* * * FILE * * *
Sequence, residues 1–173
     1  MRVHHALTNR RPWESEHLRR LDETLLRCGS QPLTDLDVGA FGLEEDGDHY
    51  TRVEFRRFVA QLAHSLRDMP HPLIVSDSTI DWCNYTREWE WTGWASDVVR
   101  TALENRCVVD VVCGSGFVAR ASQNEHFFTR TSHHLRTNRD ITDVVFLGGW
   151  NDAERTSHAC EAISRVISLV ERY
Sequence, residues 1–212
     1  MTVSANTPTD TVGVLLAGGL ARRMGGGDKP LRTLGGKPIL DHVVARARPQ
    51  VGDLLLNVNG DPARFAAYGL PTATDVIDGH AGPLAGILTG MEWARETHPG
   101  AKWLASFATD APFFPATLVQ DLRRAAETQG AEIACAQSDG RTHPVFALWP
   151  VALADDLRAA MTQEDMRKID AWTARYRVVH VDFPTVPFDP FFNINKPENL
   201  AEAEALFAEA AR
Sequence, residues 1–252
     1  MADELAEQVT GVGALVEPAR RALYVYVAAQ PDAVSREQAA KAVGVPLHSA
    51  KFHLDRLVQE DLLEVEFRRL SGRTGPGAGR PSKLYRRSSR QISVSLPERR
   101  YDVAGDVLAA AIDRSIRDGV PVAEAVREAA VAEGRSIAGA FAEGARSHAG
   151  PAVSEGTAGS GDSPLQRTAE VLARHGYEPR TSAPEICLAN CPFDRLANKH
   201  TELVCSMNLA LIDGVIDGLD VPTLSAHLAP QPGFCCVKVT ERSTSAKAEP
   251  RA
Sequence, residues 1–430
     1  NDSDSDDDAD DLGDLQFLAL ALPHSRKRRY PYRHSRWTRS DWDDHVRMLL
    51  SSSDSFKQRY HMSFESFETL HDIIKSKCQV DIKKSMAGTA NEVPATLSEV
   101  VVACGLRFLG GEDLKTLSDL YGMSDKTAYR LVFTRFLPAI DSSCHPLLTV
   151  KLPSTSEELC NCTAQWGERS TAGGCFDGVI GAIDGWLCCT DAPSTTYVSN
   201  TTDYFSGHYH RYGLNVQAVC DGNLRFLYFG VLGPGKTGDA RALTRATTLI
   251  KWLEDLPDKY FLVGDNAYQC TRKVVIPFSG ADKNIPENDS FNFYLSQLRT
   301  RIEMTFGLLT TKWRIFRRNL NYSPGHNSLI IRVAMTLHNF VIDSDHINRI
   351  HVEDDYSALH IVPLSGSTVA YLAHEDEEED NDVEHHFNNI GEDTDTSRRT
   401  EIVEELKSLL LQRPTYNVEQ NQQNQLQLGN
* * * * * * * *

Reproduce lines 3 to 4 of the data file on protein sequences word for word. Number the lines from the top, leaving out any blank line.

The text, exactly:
    51  TRVEFRRFVA QLAHSLRDMP HPLIVSDSTI DWCNYTREWE WTGWASDVVR
   101  TALENRCVVD VVCGSGFVAR ASQNEHFFTR TSHHLRTNRD ITDVVFLGGW